|From:||Aidan Grey <grey@...>|
|Date:||Friday, March 22, 2002, 18:12|
I don't have all the details worked out (or the vocabulary), but I was
wondering today how I'd say something like "Tom, the tall guy, is a doctor"
in Taalennin. Since 'tall' is a stative verb, it would appear in the
conjunct form when modifying, but if I said
be-PRES Tom tall-PRES:CONJ doctor.
It would mean something like "The tall Tom is a doctor" or "Tom, who is
tall, is a doctor." I wondered how I'd distinguish a relative or adjectival
use from an appositive. Here's what i cam up with:
be-PRES tall-PRES:CONJ Tom doctor.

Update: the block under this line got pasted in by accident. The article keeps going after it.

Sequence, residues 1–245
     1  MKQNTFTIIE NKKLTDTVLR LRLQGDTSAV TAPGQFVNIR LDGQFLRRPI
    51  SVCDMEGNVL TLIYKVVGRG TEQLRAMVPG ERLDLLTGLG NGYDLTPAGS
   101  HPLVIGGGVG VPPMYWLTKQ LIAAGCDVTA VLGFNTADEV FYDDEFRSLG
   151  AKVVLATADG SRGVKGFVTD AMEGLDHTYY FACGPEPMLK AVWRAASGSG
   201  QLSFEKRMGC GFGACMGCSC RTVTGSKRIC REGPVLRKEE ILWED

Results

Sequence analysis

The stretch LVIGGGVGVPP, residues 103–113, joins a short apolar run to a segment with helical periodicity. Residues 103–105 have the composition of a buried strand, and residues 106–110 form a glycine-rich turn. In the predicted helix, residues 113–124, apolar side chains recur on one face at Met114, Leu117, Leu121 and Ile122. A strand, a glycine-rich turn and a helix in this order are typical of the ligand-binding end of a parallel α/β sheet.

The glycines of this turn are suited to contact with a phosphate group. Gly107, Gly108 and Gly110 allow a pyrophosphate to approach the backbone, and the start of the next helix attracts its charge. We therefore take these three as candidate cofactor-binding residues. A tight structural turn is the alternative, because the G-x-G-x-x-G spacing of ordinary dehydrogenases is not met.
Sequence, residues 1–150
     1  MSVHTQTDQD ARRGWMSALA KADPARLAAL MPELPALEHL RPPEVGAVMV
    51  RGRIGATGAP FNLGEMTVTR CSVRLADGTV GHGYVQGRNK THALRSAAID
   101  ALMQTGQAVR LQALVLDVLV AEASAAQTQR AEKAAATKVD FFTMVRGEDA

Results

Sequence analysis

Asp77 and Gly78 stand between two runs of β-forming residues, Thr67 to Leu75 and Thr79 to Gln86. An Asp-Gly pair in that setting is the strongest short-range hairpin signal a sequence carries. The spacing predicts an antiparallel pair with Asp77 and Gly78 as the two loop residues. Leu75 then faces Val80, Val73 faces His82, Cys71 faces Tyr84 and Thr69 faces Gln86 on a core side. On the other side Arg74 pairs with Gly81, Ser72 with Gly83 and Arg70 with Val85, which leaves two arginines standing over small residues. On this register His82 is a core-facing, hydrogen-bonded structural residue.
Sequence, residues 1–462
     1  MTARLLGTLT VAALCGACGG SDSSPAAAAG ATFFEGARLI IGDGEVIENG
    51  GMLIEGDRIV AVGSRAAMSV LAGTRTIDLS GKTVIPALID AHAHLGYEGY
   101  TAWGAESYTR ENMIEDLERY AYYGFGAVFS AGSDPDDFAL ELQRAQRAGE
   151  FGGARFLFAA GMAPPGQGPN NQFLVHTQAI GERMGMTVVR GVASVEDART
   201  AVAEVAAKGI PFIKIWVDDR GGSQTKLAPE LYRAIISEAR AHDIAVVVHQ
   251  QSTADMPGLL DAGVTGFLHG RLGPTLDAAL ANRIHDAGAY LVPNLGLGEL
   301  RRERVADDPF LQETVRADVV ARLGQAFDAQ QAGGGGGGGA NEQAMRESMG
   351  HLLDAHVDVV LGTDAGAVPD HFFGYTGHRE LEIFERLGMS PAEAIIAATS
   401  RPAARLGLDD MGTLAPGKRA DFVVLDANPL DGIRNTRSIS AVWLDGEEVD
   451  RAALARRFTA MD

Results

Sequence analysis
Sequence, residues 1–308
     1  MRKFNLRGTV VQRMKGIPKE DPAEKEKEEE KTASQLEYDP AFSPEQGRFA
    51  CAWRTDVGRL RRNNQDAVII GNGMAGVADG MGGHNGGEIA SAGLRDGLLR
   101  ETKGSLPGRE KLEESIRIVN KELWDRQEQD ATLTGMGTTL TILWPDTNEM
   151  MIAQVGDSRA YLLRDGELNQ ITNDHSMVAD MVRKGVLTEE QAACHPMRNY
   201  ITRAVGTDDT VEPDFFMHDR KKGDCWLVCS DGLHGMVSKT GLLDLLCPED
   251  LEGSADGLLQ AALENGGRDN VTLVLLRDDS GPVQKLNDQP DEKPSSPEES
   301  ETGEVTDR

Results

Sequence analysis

be-PRES Tom one tall-PRES:CONJ doctor.
(in actual Taalennin: something like: Ar radh Tam palthen. -or- Ar Tam
cen radh palthen.
With a SVO order: Radh Tam ar palthen. -or- Tam cen radh ar palthen.)
Word order, or the use of an indefinite pronoun in apposition, seems to
do the trick. I should note that I've thrown out mutations, and I may also
ditch the VSO word order. I think there's enough in my verbal system to
make it different from English that stealing EVERYTHING from Irish isn't
necessary, even if it is, of course, desirable.